Captain Dave Fielding; “The BLPA/BA Pilots’ Assistance Network – The first post-Germanwings PSP”.  Dave Fielding described how peer-support arrangements are being developed by BALPA in conjunction with BA.  In essence, pilots can report their concerns confidentially and are provided with a Peer Support Adviser (PSA).  Any intervention is decided on a case by case basis with specialists (e.g. psychologists) being consulted if necessary.  The objective is to provide pro-active and not punitive action whilst confidentiality is paramount.

The last two speakers were provided by the CAA and gave updates that proved highly useful to AMEs.

Mr Paul Collins Howgill (Medical Assessor, CAA);  “How to Survive your Audit“.  Changes to the way that the CAA audits the activities of AMEs were highlighted.  The speaker gave information on some of the common problems encountered during audit.  For example; the need to have witnesses to actually see documents being signed where relevant, to ensure that colour testing cards of the latest specification are used, and to arrange for a Reader Over Reader of ECGs if non-approved interpretive software is used.

Dr Sally Evans (Chief Medical Officer, CAA);  “CAA Update“.  Dr Evans reviewed the year’s statistics on the progress of the audit process.  Ninety were performed in 2017 and 16 so far in 2018.  Very few (less than 4%) had resulted in suspension of the AME’s licences.  Changes are due to be implemented between September 2018 and 2021.  These will include psychological testing of pilots and random drug and alcohol tests.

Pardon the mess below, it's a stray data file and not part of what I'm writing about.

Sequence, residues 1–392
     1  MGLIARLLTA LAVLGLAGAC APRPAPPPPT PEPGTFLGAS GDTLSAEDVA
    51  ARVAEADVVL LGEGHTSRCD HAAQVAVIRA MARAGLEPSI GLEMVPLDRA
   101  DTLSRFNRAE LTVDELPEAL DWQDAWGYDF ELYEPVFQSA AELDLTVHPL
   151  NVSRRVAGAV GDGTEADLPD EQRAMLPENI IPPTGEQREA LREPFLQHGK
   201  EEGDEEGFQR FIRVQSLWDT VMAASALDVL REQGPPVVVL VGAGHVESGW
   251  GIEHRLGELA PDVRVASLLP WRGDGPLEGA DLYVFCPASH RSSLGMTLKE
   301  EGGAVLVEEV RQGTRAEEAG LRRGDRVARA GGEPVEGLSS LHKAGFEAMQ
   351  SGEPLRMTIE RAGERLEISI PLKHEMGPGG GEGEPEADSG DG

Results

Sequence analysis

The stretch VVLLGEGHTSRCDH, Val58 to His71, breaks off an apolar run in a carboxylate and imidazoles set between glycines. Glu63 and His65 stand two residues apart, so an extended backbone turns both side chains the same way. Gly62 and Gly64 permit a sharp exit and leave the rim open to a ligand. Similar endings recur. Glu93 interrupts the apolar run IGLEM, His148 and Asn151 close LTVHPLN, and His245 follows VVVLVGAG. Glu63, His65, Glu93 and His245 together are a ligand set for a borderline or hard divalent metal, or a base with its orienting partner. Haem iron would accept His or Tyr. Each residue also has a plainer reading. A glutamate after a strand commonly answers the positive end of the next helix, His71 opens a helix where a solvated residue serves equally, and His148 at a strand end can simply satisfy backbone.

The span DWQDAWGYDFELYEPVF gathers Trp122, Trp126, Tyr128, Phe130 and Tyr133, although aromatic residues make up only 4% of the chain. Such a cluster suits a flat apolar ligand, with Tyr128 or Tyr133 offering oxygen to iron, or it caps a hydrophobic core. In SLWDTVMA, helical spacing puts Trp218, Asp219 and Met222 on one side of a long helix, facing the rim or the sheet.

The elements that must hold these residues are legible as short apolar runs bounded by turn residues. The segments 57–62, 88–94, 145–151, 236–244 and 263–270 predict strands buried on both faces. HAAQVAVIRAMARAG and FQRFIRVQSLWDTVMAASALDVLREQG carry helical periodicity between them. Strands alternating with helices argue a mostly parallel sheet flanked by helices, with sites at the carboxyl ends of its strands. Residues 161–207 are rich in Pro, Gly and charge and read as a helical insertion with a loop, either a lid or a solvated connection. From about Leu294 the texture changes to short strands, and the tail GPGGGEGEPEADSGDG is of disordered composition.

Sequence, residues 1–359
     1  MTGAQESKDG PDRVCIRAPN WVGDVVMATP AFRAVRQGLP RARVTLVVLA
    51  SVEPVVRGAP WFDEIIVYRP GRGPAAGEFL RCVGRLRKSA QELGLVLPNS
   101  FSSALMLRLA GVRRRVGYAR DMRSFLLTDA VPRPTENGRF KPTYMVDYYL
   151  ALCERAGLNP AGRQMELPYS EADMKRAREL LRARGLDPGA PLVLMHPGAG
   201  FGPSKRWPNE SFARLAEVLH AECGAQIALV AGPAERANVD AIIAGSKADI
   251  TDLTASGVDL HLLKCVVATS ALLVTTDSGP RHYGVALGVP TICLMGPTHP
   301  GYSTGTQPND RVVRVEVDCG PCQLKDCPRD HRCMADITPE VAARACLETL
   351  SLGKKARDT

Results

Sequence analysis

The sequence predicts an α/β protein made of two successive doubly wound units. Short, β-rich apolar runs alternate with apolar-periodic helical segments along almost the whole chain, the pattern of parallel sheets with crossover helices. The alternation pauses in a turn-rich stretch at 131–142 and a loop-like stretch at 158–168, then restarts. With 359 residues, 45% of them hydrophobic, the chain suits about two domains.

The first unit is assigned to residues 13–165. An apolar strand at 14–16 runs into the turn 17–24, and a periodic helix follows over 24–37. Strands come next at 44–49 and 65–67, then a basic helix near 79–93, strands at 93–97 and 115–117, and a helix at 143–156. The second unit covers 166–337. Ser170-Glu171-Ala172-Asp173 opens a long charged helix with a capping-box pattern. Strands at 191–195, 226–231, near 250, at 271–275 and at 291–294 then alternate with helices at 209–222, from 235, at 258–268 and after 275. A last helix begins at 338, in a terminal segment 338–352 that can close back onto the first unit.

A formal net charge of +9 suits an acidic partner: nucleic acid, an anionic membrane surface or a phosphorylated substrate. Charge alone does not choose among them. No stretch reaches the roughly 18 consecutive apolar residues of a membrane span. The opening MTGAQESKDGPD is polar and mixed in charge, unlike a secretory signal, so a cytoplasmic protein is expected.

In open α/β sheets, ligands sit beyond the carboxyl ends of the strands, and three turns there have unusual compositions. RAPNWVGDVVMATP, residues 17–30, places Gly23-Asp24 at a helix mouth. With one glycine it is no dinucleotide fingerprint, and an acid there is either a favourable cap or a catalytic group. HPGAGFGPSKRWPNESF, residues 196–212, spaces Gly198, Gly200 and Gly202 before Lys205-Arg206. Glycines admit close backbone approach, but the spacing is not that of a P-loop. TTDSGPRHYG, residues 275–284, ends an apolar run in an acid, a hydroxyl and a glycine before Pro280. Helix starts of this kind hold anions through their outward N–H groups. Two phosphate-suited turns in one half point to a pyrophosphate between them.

A black tie Gala Dinner following the meeting on the Saturday evening.  Excellent food and the fellowship of friends was enjoyed by all.


Friday 7th September:  We stayed at the Oxford Witney Hotel, Witney, which is only about 10minutes drive to RAF Brize Norton.  It was a very comfortable hotel and attendees enjoyed a very pleasant evening meal in a reserved area of the restaurant.

Saturday 8th September:

After breakfast, we boarded a coach for RAF Brize Norton at 0930.   After clearing security, we were welcomed by 4626 Sqn.  A number of demonstrations had been set up for our benefit and also for friends and families of serving personnel who were also present.  The demonstrations illustrated the work of the Squadron which  is a branch of the Auxiliary Air Force.   The Squadron shares its base with the Tactical Medical Wing.  Highly trained volunteer medical personnel of all grades are involved with the treatment and repatriation of sick and injured from all parts of the world.